David M. Bird is an emeritus professor of wildlife biology at McGill University who has studied birds for five decades.
When I read the recent headlines that North America has lost nearly three billion birds over just the past five decades, I was not surprised. But I must admit it did depress me to a degree. That’s a lot of birds!
Before we lost the three billion, how many birds were there in North America? In 1963, Roger Tory Peterson, the godfather of North American bird-watching, estimated there to be between 12 to 20 billion at the beginning of that decade. Going with the conservative figure, that’s a quarter of our birds gone in just 50 years.
The loss of billions of birds on North American soil has happened before. To our everlasting shame, in the late 1800s, passenger pigeons, sometimes gathering in flocks of two billion birds, were wiped out to the very last bird by humans.
But the loss of these three billion birds over the past five decades is different. It’s happening to a wide suite of bird species, and for myriad reasons, some obvious and some more subtle. Of those three billion birds, the majority belong to 12 bird families and include songbirds such as warblers, finches, swallows and sparrows. Aerial and grassland insectivores, shorebirds and possibly seabirds are all in serious states of free fall and many of these birds were quite common only 50 years ago. Even the two most highly successful invasive species ever in North America, the European starling and the house sparrow, are declining today.
While the study, which was published in the prestigious journal Science, did not go into the reasons behind the decline, habitat loss and degradation must surely top the list. After all, can we really have almost eight billion humans inhabit the planet and expect not to have any major impact on the habitats of birds and other wildlife? Everywhere in the world, we are gobbling up the forests for building homes, turning grasslands into monocultural farmland useless for birds and eating up everything in the seas.
We banned the use of persistent organochlorine chemical pesticides – which stopped the eggshell-thinning that caused birds of prey to go almost extinct in the 1970s – but followed that act by creating, and then thankfully banning, even more poisonous pesticides such as the short-lasting organophosphates. Perhaps the most insidious human-designed chemical pesticides of all, though, are the neonicotinoids. They may not kill birds directly, but they are having devastating consequences for insects, a major food item for many birds. A major study, published earlier this year in the journal Biological Conservation, revealed more than 40 per cent of insect species are facing extinction. We cannot have birds without insects to feed them.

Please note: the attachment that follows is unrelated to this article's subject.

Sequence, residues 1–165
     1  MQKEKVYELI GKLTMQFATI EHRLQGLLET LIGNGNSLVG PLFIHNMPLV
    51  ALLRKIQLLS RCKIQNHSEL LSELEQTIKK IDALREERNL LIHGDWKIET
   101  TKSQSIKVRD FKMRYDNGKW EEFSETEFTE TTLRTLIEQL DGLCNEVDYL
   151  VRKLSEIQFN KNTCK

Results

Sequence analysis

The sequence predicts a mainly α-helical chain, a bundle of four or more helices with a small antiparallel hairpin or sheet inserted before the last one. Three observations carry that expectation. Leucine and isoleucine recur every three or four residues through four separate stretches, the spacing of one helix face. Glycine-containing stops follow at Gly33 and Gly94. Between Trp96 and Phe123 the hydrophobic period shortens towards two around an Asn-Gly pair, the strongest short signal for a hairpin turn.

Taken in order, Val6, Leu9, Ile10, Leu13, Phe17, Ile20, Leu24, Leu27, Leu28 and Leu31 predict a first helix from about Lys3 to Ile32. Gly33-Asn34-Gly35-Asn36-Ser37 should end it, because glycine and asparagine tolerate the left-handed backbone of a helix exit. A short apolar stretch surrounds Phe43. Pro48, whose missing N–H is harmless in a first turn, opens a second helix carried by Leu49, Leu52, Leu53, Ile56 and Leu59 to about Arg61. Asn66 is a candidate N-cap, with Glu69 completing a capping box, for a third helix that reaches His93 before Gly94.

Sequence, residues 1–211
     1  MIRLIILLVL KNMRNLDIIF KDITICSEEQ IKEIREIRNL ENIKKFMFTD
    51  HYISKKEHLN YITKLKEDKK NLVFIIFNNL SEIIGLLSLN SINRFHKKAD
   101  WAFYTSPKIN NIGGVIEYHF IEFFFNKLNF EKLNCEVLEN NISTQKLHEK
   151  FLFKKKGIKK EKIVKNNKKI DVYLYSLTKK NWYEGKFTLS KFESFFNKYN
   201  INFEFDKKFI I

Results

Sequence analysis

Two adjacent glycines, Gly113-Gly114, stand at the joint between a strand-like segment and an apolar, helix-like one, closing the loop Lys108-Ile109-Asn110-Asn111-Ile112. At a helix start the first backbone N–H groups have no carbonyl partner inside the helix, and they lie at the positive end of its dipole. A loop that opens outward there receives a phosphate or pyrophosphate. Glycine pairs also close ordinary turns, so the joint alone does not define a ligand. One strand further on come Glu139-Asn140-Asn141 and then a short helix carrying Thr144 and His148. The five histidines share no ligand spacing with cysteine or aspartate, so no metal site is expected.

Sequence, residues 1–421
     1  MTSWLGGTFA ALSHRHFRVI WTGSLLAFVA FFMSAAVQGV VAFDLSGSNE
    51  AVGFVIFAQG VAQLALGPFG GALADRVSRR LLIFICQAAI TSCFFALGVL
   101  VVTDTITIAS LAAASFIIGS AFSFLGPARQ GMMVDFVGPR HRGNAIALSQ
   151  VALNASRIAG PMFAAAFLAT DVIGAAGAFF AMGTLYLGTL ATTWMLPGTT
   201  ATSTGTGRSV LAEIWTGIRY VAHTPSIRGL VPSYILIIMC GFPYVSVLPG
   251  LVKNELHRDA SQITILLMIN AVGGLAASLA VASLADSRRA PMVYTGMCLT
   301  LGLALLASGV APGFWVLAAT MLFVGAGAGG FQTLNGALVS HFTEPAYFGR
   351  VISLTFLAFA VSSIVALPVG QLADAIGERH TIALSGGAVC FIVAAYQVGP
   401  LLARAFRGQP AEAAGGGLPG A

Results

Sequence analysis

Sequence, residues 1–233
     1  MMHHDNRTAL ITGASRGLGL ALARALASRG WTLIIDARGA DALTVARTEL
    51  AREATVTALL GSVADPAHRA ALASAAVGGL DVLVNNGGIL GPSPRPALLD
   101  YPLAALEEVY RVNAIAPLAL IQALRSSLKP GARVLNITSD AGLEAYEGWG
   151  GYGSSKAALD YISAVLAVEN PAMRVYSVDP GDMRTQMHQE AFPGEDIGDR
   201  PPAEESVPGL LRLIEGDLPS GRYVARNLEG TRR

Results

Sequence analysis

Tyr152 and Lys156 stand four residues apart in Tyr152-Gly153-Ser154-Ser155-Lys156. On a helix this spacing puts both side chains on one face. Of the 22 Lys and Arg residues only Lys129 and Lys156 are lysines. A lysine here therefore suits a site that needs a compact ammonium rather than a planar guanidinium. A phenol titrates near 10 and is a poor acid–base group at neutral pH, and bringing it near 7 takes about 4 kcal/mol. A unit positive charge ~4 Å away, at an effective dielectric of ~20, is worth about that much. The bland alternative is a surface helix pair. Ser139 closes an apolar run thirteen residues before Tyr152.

And then there’s climate change. Besides upsetting the delicate timing balance for migratory birds, they are killed by vicious storm systems, while rising sea levels and wildfires destroy their breeding, stop-over and wintering habitats.
And then there are the dangers closer to home. Not to pick on cat lovers, but most biologists today agree that pet cats kill more than a billion birds each year in North America. Glass windows on our houses and skyscrapers take out another hundred million annually.
So why should we even care about the birds? Besides contributing billions of dollars to our economy through the sheer love of watching and enjoying them, birds do a lot for humans. They eat pests, pollinate our plants and crops, disperse seeds; their eggs and meat feed us and their feathers keep us warm. They have even helped us win wars by teaching our military about flight, camouflage, sentry systems and acting as vital message carriers. Birds have saved human lives not just by serving as literal “canaries in coal mines” but also by warning us of environmental health hazards such as carcinogenic pesticides and industrial by-products.
But the situation is not hopeless. Our birds can rebound if we give them a chance. A single American robin, producing two broods of four young each year, and with all of them surviving to breed just as successfully, can leave almost 25 million descendants in a decade.
We must save natural bird habitats from the greedy fingers of progress. But there are some more immediate and simple things we can do on our own: try to consume local foods from sustainable sources, drink bird-friendly coffee, reduce the use of pesticides and other chemicals, substitute plastic bags and cups with reusable bags and drinking containers, control our pet cats and/or at least keep our next one indoors and find ways to reduce window collisions. Let’s not vote for politicians who weaken important bird-protection acts. Lastly, let’s find a way to give some time as a citizen scientist to organizations such as Bird Studies Canada – most of the data detailing the loss of the three billion birds came from volunteers.
We have always celebrated birds because of their intrinsic value. Who can deny that birds entertain us in so many ways with their beauty, their song and their flight? How many great writers, artists, filmmakers and even aviators and astronauts were inspired by these amazing creatures? In short, a world without birds will not just be a biologically diminished world but also an emotionally diminished one. And if we lose our birds, we will lose ourselves.
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